All quiet on the home front

‘Mid­dle class’ lick­ing its wounds

Finweek English Edition - - MONEY CLINIC - LEANI WES­SELS leaniw@fin­

WHAT HAP­PENED TO the much-punted black di­a­monds – the now old new-emerg­ing mid­dle class? And how im­por­tant is this group for prop­erty prices to re­cover? Aside from the odd pent­house sale, the in­dus­try is of­fer­ing very lit­tle to write home about. Wasn’t it the emerg­ing mid­dle class that would take South Africa’s prop­erty prices to new heights?

Pam Gold­ing sold two pent­houses in Mel­rose Arch, north of Jo­han­nes­burg, for R25,5m each last week. The affordable hous­ing mar­ket can’t keep up with de­mand, de­spite 43% of SA’s prop­erty stock (by value) al­ready con­sist­ing of town­ship and affordable houses. Yet home­buy­ers in the mar­ket for houses priced be­tween R300 000 and R25,5m are miss­ing from the party.

Absa says the mid­dle class is still strug­gling to get its groove back af­ter the 2003 to 2007 spend­ing spree. Debt is an is­sue, and in­debted house­holds don’t have the con­fi­dence to com­mit to buy­ing a R1m home. “Many mid­dle class house­holds also in­vested in prop­erty when prices were sky­rock­et­ing. Now – with higher debt lev­els – these own­ers can’t in­crease the rent for those prop­er­ties dra­mat­i­cally as ten­ants will sim­ply move to a cheaper prop­erty. That makes it hard to pass higher mu­nic­i­pal taxes on to a ten­ant,” says Absa prop­erty an­a­lyst, Jac­ques du Toit. Try­ing to get out of home own­er­ship has sud­denly re­placed the 2007 trend of try­ing to get in at any price.

Ac­cord­ing to TNS Re­search – the com­pany that fa­mously coined the term “black di­a­mond” along with the Univer­sity of Cape Town’s Unilever In­sti­tute – black di­a­monds form part of the very pow­er­ful mid­dle class.

Those 3m black di­a­monds ac­counted for R237bn in terms of buy­ing power last

The driver be­hind price in­creases for houses up to R500 000 is the sheer

vol­ume of de­mand

year, re­ports TNS. As far as prop­erty is con­cerned, 79% of black di­a­monds are home­own­ers against 83% of the rest of the mid­dle class. But let’s face it, credit debt doesn’t dis­crim­i­nate. And with­out throw­ing more im­pres­sive per­cent­ages at you, be­lieve it when we say the ma­jor­ity of SA’s pop­u­la­tion’s debt ex­ceeds house­hold in­come.

“The mid­dle class mar­ket is im­por­tant for churn,” says Richard Gray, of es­tate agency Har­courts. “It gen­er­ates ac­tiv­ity, as sell­ers are of­ten sell­ing to buy higher.” Gray says the pre­dom­i­nantly mid­dle class ar­eas of west and east of Jo­han­nes­burg – es­pe­cially Boskburg and Benoni – are show­ing a sur­pris­ing jump in ac­tiv­ity for Har­courts.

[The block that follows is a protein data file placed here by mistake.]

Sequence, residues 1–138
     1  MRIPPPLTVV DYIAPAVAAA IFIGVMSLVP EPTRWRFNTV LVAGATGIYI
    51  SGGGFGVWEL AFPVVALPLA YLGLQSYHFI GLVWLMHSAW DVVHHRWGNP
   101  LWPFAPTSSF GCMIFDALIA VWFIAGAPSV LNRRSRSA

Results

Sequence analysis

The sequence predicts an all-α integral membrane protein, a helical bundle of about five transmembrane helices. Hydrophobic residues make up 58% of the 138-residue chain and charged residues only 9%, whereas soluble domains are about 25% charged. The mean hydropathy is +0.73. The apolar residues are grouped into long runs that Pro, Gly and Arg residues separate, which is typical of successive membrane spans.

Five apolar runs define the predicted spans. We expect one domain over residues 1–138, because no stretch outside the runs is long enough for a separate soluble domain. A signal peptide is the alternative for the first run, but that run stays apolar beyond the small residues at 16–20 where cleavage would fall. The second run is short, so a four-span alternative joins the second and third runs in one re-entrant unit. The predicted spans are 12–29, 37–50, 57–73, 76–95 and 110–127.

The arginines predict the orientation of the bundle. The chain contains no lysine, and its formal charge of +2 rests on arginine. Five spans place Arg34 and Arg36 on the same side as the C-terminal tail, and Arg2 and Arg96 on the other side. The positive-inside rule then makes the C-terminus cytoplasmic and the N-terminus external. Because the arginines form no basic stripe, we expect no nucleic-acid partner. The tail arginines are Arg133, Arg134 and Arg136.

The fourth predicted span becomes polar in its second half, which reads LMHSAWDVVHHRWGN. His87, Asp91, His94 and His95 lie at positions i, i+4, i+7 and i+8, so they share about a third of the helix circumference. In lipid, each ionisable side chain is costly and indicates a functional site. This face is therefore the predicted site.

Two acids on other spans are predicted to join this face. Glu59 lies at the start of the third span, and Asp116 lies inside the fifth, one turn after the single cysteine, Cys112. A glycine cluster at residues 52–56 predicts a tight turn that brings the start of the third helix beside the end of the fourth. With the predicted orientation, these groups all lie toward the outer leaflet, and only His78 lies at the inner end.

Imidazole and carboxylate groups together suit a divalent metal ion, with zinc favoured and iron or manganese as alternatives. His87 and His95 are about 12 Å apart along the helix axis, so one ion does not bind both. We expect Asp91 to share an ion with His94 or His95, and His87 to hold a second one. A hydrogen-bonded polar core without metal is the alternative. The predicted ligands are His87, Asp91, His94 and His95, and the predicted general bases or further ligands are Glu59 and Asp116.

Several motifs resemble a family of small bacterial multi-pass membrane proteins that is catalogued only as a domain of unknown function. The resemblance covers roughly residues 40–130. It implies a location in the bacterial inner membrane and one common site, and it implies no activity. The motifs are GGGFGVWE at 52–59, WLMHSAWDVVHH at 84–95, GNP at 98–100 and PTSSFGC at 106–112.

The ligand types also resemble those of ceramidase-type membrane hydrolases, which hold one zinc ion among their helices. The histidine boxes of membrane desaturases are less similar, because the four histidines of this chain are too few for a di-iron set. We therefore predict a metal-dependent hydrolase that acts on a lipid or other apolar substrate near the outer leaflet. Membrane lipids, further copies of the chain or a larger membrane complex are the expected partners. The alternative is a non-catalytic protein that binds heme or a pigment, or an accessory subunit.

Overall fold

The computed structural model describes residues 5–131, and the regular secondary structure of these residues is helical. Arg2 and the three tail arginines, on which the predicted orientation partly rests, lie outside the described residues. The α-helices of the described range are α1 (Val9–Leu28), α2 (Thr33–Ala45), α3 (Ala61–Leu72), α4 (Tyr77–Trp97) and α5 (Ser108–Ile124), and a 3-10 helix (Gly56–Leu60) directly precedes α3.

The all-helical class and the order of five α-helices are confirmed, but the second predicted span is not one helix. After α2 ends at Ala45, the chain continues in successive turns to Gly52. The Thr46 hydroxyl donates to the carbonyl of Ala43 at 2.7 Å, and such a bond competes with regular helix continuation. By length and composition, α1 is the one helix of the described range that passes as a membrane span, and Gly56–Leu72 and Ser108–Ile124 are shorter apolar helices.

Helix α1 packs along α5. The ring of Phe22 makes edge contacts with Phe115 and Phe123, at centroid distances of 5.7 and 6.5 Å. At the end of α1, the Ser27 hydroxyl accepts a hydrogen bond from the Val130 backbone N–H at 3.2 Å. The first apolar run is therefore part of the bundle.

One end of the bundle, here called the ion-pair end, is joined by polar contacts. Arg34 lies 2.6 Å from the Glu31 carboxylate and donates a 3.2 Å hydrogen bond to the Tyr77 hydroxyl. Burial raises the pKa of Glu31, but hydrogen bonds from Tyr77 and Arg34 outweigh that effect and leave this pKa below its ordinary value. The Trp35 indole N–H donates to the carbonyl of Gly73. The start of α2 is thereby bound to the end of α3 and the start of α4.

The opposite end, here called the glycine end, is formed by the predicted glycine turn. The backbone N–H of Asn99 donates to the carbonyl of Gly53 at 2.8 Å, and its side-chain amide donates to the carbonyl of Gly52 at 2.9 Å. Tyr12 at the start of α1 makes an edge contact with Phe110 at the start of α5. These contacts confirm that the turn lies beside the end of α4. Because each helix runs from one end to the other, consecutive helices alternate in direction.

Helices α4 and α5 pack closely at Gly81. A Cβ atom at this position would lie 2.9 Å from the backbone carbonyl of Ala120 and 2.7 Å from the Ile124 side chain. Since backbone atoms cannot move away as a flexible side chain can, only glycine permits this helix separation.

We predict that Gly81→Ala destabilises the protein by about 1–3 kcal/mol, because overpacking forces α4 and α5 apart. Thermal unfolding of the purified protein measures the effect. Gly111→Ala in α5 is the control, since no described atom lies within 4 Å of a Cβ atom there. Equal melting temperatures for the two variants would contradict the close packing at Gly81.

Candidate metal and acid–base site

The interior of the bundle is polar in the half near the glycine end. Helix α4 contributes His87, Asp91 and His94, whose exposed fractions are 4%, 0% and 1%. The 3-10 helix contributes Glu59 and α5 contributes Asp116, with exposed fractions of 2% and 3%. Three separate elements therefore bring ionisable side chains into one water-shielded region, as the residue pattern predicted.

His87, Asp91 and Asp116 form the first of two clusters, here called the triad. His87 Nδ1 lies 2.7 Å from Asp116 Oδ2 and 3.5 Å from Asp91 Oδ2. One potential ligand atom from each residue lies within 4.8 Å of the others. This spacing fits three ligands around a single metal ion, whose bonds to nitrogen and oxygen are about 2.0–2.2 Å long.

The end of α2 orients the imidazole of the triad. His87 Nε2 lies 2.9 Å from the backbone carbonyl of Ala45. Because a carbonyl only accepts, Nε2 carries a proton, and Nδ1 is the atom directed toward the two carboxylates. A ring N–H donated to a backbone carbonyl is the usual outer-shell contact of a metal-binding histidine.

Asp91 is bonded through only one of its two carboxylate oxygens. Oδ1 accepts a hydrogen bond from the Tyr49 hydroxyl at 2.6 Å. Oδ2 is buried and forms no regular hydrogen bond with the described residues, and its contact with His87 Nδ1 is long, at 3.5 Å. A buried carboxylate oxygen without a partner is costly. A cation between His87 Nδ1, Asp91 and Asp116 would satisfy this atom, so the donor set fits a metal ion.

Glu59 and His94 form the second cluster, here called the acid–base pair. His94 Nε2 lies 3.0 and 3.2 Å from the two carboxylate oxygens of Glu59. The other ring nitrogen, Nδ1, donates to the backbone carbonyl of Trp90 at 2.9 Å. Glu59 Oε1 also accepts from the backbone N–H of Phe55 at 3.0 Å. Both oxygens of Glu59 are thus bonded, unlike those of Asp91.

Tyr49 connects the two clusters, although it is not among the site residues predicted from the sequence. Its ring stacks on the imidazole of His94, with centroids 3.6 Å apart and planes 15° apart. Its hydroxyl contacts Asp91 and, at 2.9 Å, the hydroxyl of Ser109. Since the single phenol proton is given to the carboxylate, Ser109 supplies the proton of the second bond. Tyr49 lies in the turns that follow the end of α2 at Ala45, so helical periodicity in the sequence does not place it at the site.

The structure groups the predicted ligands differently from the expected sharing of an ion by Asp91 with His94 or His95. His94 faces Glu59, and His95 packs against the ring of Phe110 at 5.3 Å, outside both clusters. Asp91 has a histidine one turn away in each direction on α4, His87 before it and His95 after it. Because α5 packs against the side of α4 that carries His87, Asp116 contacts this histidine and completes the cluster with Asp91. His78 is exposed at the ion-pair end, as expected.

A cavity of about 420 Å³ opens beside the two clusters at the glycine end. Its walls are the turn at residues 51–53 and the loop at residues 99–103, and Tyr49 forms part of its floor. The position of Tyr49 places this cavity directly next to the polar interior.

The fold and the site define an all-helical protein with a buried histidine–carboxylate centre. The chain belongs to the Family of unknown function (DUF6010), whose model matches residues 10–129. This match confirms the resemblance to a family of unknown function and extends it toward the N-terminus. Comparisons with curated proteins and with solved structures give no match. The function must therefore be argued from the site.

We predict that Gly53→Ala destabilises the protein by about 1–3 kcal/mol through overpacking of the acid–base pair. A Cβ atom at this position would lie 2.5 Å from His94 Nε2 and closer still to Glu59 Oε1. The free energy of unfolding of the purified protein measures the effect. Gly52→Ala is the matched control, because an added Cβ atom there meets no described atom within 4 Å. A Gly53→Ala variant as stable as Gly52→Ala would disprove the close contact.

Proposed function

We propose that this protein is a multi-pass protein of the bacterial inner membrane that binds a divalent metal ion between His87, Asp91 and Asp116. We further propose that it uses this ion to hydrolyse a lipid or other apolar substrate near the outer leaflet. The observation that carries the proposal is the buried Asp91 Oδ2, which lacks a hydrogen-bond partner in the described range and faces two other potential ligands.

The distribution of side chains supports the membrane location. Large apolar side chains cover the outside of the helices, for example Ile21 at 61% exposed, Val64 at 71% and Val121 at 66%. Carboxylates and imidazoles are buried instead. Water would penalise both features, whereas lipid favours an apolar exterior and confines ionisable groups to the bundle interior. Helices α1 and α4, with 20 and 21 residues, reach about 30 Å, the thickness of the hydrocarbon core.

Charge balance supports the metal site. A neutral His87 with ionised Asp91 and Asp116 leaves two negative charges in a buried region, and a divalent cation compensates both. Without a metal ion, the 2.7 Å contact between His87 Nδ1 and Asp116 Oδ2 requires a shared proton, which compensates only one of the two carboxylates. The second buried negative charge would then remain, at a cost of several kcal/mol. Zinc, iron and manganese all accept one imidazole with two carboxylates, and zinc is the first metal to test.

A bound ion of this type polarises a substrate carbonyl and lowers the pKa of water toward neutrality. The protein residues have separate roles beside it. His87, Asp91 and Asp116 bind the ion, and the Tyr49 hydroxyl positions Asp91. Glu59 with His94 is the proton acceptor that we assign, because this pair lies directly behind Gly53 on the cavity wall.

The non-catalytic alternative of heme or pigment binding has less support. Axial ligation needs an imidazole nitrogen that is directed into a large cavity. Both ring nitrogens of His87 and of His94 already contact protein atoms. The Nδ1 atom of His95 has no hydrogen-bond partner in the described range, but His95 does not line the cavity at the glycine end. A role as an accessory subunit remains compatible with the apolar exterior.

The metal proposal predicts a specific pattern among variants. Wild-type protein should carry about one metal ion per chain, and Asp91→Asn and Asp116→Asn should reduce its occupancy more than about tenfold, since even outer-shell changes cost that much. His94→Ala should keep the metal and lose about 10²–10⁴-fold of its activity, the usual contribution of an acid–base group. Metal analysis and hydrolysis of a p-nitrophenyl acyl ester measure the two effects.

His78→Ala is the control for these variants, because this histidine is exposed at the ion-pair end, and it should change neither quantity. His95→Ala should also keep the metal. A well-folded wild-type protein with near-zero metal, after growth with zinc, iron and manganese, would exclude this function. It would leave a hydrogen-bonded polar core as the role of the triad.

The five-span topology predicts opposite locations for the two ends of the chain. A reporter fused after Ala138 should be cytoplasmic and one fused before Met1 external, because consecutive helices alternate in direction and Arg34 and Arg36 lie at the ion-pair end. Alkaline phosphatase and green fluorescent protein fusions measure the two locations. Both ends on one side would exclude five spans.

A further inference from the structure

It’s still the affordable and uber lux­ury mar­kets sup­ply­ing the sec­tor with the ac­tion. Light­stone’s Res­i­den­tial Mort­gage Mar­ket Over­view for May this year shows the affordable mar­ket’s house prices grew by +25% year-on-year, well above the lux­ury (+5%), high value (+6%) and mid value (+8%) in­dices. ( Lux­ury houses are worth more than R1,5m, high value be­tween R750 000 and R1,5m and mid-value be­tween R250 000 and R750 000. Affordable houses are gen­er­ally worth less than R250 000.) When it comes to sales ac­tiv­ity, the lux­ury and high value seg­ments are clear win­ners, says Light­stone.

“The sec­tor in the mar­ket for houses up to R500 000 is the driver be­hind price in­creases, be­cause of the sheer vol­ume of de­mand,” says Lukesh Govin­dasamy, FNB’s head of com­mer­cial prop­erty fi­nance. “But high debt lev­els and banks’ ro­bust credit scor­ing sys­tems – which are driven by pro­vi­sions of the Na­tional Credit Act – are lim­it­ing the num­ber of peo­ple who can qual­ify for mort­gages. For houses be­tween R500 000 and R1,5m there’s much stock in the mar­ket and the de­mand/sup­ply eco­nom­ics aren’t as strong: this sec­tor isn’t driv­ing prices,” says Govin­dasamy.


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